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SEASON OVER! Virgin Islands and Puerto Rico Escape Without A Scratch In 2018

MIAMI — The 2018 Atlantic hurricane season ended today.

The season was more active than average, featuring 15 named storms, eight hurricanes and four that made landfall on the U.S. mainland.

But perhaps most importantly here, did not send the U.S. Virgin Islands or Puerto Rico any major storms.

“Hurricane Season officially ended today,” St. Croix Senator Novelle Francis Jr. said. “We’ve been waiting for this day for a long time. Subconsciously we were all very concerned about the possibility of another hurricane strike. We were dealt some very hard blows last season with two category 5 hurricanes reaching our shores and devastating our islands. We have learned a lot in the past year about how we respond to storms and their aftermath. We have a long way to go but we continue to rise as we recover and rebuild our territory. We are stronger every day.”

Here’s how this year’s season stacked up, according to the National Oceanic and Atmospheric Administration (NOAA):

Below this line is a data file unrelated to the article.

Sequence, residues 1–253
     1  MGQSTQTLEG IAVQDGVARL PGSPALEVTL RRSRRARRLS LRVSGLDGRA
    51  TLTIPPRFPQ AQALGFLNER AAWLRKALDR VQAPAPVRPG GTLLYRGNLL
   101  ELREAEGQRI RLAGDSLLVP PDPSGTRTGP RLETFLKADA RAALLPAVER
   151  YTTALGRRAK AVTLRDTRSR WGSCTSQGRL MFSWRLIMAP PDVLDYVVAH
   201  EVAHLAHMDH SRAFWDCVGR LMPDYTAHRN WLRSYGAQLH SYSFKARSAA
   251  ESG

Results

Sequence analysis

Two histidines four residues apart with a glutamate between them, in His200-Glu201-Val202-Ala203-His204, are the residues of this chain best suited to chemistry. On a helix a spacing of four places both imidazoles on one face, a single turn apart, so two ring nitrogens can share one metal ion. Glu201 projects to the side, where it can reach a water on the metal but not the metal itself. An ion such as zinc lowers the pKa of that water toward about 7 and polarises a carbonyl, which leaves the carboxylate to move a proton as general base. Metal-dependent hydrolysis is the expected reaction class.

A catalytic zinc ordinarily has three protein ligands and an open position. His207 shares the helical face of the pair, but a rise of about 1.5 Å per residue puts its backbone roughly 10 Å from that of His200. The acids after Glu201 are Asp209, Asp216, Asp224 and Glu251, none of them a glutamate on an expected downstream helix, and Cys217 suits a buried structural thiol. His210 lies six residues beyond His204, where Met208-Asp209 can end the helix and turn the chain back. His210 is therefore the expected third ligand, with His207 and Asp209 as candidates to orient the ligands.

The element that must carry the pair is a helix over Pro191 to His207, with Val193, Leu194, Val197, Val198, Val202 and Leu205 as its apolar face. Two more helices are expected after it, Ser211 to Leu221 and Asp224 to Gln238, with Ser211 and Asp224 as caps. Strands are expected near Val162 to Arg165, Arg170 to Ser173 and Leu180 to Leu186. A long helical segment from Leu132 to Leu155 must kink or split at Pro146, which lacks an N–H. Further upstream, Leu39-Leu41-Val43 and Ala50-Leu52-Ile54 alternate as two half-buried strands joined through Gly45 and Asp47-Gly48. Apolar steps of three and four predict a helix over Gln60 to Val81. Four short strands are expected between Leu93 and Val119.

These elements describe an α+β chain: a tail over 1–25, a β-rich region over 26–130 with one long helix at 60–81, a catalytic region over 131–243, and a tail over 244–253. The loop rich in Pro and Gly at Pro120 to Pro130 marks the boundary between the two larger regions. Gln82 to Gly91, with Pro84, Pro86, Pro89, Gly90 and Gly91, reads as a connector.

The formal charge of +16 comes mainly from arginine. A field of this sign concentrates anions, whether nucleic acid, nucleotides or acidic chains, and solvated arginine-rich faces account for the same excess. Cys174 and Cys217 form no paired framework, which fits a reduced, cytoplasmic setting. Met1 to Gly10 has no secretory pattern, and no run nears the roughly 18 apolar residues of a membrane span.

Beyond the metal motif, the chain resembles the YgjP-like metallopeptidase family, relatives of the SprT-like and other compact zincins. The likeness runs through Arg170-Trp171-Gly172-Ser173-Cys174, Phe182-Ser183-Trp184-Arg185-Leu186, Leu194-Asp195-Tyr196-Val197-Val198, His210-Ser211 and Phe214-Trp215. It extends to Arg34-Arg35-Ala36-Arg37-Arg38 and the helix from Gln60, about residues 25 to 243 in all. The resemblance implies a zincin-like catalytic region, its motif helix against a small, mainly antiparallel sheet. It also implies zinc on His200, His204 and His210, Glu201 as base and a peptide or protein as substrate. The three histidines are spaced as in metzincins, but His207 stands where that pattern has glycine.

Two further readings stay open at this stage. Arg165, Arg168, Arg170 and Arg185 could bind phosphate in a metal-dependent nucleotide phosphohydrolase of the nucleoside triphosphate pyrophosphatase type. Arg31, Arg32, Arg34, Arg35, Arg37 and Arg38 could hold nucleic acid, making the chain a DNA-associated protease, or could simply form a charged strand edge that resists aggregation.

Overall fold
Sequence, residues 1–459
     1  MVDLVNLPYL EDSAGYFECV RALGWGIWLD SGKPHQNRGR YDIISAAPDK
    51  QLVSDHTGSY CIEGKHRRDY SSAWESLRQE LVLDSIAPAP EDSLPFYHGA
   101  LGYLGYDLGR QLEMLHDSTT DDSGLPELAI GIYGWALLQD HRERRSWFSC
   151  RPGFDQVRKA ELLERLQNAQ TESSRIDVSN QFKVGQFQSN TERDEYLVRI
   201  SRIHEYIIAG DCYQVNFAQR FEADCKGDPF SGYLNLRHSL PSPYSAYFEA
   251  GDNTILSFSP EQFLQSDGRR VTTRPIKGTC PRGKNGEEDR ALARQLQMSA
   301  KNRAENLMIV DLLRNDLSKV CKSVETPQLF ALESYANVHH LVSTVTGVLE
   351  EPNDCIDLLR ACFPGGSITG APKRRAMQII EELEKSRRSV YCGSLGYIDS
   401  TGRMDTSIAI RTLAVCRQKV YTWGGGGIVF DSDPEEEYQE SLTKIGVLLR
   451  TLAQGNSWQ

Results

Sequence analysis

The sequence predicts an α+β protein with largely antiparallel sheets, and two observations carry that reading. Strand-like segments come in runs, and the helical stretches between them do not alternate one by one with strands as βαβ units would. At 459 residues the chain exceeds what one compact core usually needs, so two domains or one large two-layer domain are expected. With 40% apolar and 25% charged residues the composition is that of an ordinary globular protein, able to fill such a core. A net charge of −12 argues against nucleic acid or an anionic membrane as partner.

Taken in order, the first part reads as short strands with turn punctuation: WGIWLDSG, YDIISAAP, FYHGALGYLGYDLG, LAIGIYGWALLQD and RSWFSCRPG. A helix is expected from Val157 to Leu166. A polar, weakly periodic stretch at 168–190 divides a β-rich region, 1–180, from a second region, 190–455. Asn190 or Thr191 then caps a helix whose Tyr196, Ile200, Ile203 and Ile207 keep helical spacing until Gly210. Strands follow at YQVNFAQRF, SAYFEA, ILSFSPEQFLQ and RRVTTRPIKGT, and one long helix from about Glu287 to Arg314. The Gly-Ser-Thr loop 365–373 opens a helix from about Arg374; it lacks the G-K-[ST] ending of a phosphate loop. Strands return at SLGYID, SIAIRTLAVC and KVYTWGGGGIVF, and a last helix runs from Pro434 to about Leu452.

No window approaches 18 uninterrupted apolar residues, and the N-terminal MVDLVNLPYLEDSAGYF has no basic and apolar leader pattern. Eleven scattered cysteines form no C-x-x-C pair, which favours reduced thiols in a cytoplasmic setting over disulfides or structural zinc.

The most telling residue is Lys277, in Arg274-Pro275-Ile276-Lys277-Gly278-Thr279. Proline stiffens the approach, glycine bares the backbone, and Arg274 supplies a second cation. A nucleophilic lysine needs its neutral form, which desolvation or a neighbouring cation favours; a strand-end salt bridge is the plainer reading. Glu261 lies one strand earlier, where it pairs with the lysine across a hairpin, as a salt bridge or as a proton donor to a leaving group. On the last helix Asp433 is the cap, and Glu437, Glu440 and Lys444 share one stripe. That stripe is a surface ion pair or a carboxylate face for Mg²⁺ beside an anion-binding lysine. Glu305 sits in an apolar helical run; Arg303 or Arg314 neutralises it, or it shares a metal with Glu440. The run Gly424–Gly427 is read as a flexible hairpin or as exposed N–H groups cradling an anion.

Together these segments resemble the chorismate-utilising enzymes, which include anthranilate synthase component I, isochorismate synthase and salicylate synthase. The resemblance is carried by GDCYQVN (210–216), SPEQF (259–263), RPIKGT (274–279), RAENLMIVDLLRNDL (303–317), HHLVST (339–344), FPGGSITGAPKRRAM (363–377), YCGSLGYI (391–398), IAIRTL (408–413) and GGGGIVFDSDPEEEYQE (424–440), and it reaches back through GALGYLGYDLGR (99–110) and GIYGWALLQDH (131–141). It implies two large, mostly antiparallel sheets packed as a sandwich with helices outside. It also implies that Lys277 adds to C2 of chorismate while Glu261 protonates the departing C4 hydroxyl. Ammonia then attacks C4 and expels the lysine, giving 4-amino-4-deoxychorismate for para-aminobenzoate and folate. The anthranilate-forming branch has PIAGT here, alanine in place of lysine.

• The season produced 15 named storms.
  • These included eight hurricanes, two of which were “major” (Category 3, 4, or 5).
  • For comparison, an average season has 12 named storms, six hurricanes, and three major hurricanes.
  • Florence and Michael (both Category 4s) were the worst hurricanes to affect the U.S. this year.
  • This year saw a record seven named storms classified as “subtropical.”
  • The previous record was five subtropical storms in 1969.
  • This season was the first in 10 years to have four named storms active at the same time (Florence, Helene, Isaac, and Joyce).
  • The named storms were called Alberto, Beryl, Chris, Debby, Ernesto, Florence, Gordon, Helene, Isaac, Joyce, Kirk, Leslie, Michael, Nadine, and Oscar.
  • The next name on the list would have been Patty, but she got to sit this season out.
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The Author

John McCarthy

John McCarthy

John McCarthy is primarily known for his investigative reporting on the U.S. Virgin Islands. A series of reports beginning in the 1990's revealed that there was everything from coliform bacteria to Cryptosporidium in locally-bottled St. Croix drinking water, according to a then-unpublished University of the Virgin Islands sampling. Another report, following Hurricane Hugo in 1989, cited a Federal Emergency Management Agency (FEMA) confidential overview that said that over 40 percent of the U.S. Virgin Islands public lives below the poverty line. The Virgin Islands Free Press is the only Caribbean news source to regularly incorporate the findings of U.S. Freedom of Information Act requests. John's articles have appeared in the BVI Beacon, St. Croix Avis, San Juan Star and Virgin Islands Daily News. He is the former news director of WSVI-TV Channel 8 on St. Croix.

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